Sloe love

Tagged ,

Slånbärssaftglögg! (Sloecordialmulledwine?)

Helloooooooo! Today was (yes it’s 3.30 pm and the day is coming to an end. Scandinavia! Whoo! Whoo!) a gorgoeus sunny day and I checked the paper to see if we’d had frost here yet. We had so that meant I could go down to the beach and pick some slånbär (sloe) to make saft! Saft is a swedish thing that I am oh so grateful for that I have never seen anywhere else, except other scandinavian countries (Scandinaviaaaaa!! Whooooo!). It’s basically a very concentrated fruit or berry juice that you mix with water right before you drink it. It has tons of sugar so it lasts forever and it is delicious! Although we allegedly already had frost, I put the berries in the freezer. I did this because they contain some sort of toxic cyanide that makes the berries really bitter and sour but that goes away with the frost. After that it’s a three day process to make the saft and after that I thought I’d use it to make glögg! Glögg is another swedish invention that I’m very grateful for! It’s a spiced wine that you drink warm at christmas with chopped almonds and raisins. I will not make the alcoholic version, swedes tend to put vodka and other stuff in their glögg, but I go all saftglögg! I will get back to you with the details.

Sloe grows everywhere around my parts and in all of Europe, you can even find it in north africa! It grows like a weed and has tons of berries that most birds don’t like due to its toxicity before the frost. So if you see berries like these, pick them and make saft! It is truly delicious!

Tootles!

Tagged , , , , , ,

An autumny recipe as winter closes in on us

Hello dear five readers! The beautiful colors of autumns are being swept away by park workers and the more and more persistent mist that make the days grey. We are also in wintertime which means that shortly after getting up in the “morning” it’s getting dark. Ayayay! What to do? Well I light candles and bake cakes! So nice to be inside with the warm smell of homebaked when the world is dying outside. My last piece of pumpkin was starting to mold so a made a

 

PUMPKIN SOUP WITH CHESTNUT TOPPING

Pumpkin soup must be the easiest and most delicious soup in the world, when you mix it it gets so creamy and yummy! Best vegan soup you could ever find! (Apart from maybe also tom yum). For my soup I used

A piece of pumpkin (about 500 g but you could use as much as you want)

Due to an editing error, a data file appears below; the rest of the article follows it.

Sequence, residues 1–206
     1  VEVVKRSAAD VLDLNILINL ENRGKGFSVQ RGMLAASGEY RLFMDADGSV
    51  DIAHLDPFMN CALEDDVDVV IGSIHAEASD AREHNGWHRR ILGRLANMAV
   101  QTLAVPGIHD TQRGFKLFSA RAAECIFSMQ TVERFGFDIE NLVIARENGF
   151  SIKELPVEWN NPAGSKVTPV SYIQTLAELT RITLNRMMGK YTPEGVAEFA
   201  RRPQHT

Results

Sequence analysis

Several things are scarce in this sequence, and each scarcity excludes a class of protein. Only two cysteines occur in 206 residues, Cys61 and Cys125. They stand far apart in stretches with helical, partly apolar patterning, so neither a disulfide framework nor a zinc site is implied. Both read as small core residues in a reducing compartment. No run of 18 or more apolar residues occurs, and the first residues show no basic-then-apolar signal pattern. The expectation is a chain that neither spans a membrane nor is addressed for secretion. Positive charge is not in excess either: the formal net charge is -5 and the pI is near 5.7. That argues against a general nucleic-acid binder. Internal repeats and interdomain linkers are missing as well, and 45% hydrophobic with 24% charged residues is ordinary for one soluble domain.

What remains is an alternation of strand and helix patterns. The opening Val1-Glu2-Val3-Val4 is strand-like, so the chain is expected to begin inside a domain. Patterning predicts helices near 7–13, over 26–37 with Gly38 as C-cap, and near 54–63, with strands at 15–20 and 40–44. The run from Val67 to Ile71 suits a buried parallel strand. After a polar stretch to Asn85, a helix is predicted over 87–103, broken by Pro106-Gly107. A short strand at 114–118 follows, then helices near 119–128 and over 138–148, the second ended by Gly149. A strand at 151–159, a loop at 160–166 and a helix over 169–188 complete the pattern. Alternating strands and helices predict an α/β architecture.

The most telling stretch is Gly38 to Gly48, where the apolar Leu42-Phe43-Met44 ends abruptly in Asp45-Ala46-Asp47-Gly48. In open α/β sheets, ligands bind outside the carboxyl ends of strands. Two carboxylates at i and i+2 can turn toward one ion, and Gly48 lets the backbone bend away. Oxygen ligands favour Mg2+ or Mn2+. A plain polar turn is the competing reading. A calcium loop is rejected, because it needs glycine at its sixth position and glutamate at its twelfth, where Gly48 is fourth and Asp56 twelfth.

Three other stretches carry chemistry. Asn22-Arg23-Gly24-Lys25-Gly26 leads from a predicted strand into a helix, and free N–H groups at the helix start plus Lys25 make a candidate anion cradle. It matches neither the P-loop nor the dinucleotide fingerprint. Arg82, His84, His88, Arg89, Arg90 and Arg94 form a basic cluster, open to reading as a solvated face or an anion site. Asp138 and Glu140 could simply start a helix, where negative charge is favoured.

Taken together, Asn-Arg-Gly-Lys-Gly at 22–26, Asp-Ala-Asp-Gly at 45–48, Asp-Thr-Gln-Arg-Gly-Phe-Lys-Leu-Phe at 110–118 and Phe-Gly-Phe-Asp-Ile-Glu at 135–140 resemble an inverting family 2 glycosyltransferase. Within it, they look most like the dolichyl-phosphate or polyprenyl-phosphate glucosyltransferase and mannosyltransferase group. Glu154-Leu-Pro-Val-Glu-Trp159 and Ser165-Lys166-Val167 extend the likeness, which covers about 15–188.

4 small onions (meaning if you have big ones, use 2!)

3 cloves of garlic

a cup of white wine (can be left out)

a few branches of thyme

salt n pepa

 

Fry the chopped onions in oil or butter or a mix of both (never use margarin for anything ever!) until soft. Add garlic and shortly after the pumpkin, that you have cut into medium size pieces and the thyme. Fry for a few minutes and mix it well. Then add white wine and let it boil away the alcohol. Add water until it covers the pumpkin. Let it boil about 30 minutes. Season it as you please. I usually put a tiny bit of cayenne to contrast the sweetness of the pumpkin but if you have wine it is not necessary. Mix it carefully with a blender or a similar device, don’t ever lift the blender while you mix or you’ll get burned! (Happened to me once, hurt like hell.)

While the soup is boiling you prepare the chestnuts. Chestnut is actually called sweet chestnut or spanish chestnut and is a beautiful seed inside a very very thorned ball. Here in Sweden we have horse chestnut, it’s a completely different species than the sweet chestnut and the seeds are not edible! But there are some sweet chestnut trees here and there in Sweden, I picked these chestnuts from a tree in the park. Well not off the tree but from the ground under the tree, it’s impossible to get them out of their thorny ball protection when they are on the tree. To spot a “real” chestnut tree look at the leaves. They are slim, pointy with a darker green color and a bit shiny in comparison to the broad, flat and roundish leaves of the horse chestnut.

To prepare them you can roast them or parboil them as I did. You have to make a cross on the top so you can peel them and so they get cooked. Boil them in salted water for about as long as the soup. Peel them and chop em up real nice and sprinkle them over your soup! They have such a wonderful sweet and nutty taste in the most earthy of senses I truly recommend getting out looking for a sweet chestnut tree! Enjoy! Tomorrow we make a Malmö classic, what could it be?

 

 

Tagged , ,